| SIGHTSEEING TOUR OF NORTHERN POLAND
Part 3 - Pomerania, Warmia and Mazury, lakes and castles
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Let's visit some of the great castles and cathedrals of Pomerania, Warmia and Mazury - Bytow, Frombork, Lidzbark, Malbork, Nidzica, Olsztyn, Swieta Lipka. The great Polish astronomer and mathematician carried out his revolutionary work at several of them.
Pomerania - Pomorze in Polish - is the area along the Baltic coast west of the Vistula River. It has been inhabited by Slavic people, closely related to Poles for thousands of years. However, the western part became colonized by German settlers and came under the rule of the princes of Brandenburg in the 16th century. A large part of the population resisted germanization, in particular the Kashuby (Kaszuby) who still today speak their own dialect. The eastern part, closer to the Vistula valley remained under Polish control until the partition of Poland at the end of the 18thC, then returned to Poland after World War I. After World War II the entire region returned to Poland. Along the Baltic coast it is mostly flat, inland is hilly with many lakes and forests.
Driving from Toruń to Gdansk it is worth making a detour through this pretty and peaceful country. Of particular interest is Bytów at the heart of the Kashuby region.
The entire coast of Pomerania is lined with white sand beaches and summer resorts, the most popular are those along the 34km long Hel peninsula, close to the modern port city of Gdynia. A spectacular feature is Słowiński National Park with many miles of sand dunes which are gradually being blown inland by the prevailing winds. They reach a height up to 120m (400 feet), see photos . They may be reached from the fishing village and resort of Łeba, drive to the end of the road then hire an electric cart, horse carriage or bicycles.
The Teutonic Knights came here after the Crusades and built many castles in Warmia and Mazury during the 14th and 15th centuries. Most of them are structures of red brick. The largest is Malbork, the capital of the Order. It actually consists of two castles and adjacent buildings surrounded by fortifications, most of which still exist. Inside there is a museum with many artifacts and a great collection of amber jewelery and figures. You may visit either with a group or by yourself. If you want to take pictures, buy a special ticket.
The Polish Bishops of Warmia also built fortified cathedrals and castles. North of Malbork you may visit the fortified cathedral of Frombork standing on a hill above the town. It is here that the astronomer and mathematician Nicolas Copernicus completed his work "De Revolutionibus Orbium Coelestium" which demonstrated mathematically that the earth, and the other planets, revolve around the sun. He died here shortly afterwards, in 1543. Almost a hundred years later Galileo built a telescope and was excommunicated for proving that Copernicus' theory was true!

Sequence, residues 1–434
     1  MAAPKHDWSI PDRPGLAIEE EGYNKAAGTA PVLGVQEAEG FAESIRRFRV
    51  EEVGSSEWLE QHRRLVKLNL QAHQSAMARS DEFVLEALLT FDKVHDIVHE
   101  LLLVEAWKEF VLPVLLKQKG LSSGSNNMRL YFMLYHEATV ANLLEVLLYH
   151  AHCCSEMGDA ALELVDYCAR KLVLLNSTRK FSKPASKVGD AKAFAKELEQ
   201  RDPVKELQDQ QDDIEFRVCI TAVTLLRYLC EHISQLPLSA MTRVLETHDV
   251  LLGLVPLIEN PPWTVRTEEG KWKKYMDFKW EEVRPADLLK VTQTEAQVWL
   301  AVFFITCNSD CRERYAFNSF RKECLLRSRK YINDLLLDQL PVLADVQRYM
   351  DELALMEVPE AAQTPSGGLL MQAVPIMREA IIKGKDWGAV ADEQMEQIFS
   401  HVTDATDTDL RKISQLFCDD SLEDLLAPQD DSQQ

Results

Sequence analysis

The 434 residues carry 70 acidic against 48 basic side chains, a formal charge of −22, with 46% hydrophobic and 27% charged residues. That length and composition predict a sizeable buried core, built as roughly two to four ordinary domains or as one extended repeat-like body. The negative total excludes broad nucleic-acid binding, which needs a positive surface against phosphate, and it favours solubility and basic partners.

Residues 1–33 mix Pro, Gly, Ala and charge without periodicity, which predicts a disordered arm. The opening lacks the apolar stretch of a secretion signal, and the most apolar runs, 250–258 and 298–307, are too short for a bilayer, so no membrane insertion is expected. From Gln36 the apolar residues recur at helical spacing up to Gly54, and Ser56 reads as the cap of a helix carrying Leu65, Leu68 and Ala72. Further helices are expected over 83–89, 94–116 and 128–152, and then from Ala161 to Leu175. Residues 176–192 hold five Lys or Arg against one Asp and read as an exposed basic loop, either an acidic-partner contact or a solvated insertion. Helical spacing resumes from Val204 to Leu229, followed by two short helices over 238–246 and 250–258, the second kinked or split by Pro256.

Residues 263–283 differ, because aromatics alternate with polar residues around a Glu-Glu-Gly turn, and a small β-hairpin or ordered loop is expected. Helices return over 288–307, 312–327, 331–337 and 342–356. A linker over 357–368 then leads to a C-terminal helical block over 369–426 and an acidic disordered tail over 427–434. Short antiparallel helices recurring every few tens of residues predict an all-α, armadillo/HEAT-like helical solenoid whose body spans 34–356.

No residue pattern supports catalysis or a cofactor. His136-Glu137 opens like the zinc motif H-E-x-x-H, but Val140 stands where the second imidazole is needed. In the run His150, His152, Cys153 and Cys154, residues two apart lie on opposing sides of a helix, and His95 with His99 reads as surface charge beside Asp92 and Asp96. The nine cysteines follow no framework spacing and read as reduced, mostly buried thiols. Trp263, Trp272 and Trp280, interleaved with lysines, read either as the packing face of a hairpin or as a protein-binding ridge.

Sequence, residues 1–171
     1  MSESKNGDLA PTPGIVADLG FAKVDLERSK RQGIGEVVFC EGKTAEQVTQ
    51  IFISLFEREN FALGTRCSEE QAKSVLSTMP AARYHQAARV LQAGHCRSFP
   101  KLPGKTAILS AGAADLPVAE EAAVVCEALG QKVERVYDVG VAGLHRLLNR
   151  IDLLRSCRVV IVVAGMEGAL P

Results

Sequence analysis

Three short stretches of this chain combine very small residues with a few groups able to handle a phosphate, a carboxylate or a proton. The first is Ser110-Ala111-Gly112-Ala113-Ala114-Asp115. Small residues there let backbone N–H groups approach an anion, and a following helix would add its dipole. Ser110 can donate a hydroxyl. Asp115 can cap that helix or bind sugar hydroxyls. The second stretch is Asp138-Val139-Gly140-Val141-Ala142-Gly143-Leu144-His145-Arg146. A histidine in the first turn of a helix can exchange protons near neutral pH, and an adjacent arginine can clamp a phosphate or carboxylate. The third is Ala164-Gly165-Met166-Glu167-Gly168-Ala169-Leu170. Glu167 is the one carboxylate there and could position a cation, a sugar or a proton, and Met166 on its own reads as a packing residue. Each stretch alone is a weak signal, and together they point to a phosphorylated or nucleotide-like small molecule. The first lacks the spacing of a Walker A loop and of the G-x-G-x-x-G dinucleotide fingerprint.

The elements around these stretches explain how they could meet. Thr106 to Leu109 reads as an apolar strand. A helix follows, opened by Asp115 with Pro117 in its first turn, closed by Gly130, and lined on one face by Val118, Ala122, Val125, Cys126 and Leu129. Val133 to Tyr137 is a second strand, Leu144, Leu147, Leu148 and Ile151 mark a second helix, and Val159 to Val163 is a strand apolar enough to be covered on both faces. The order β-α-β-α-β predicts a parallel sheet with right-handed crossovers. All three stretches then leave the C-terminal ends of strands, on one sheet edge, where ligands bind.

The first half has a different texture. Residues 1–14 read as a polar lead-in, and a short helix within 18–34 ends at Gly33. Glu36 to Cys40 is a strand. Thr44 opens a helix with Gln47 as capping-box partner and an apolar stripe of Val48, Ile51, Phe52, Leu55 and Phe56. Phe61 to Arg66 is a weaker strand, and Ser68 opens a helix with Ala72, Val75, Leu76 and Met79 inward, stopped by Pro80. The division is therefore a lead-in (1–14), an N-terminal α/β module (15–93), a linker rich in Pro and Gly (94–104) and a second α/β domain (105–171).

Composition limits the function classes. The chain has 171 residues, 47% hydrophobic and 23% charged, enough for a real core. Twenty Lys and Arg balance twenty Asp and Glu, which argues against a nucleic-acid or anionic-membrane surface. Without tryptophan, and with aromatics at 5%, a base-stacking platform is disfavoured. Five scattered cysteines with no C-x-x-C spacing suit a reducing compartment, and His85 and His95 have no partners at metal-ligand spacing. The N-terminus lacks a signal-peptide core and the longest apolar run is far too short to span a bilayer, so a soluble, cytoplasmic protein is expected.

Olsztyn is a the capital of the Warmia and Mazury region and serves as a convenient startng point for exploring this extensive lake region with many summer resorts and great opportunities for kayaking and sailing. There are several interesting medieval buildings and churches in the town. Its castle, also belonging to the Warmia Bishops, was also a place were Copernicus did some of his work. In the museum of this castle you can see some of his instruments and original drawings.
On your way back from Olsztyn to Warsaw you pass the site of two major battles that both changed history. At Grunwald (Tannenberg in German) the combined forces of Poland and Lithuania dealt a crushing blow to the Teutonic Knights in 1410 and stopped their territorial expansion. 500 years later, in August 1914 the German army crushed the Russians, who never recovered. This disaster lead directly to the Russian Revolution. There is a small museum at the site.
See photos of places discussed above.
How to get there. If you don't want to drive a car, you can go by train or by bus.
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Map of Tour.
Detail maps for all Poland, including city plans.
LISTED PLACES for detailed information.
Last update February 2004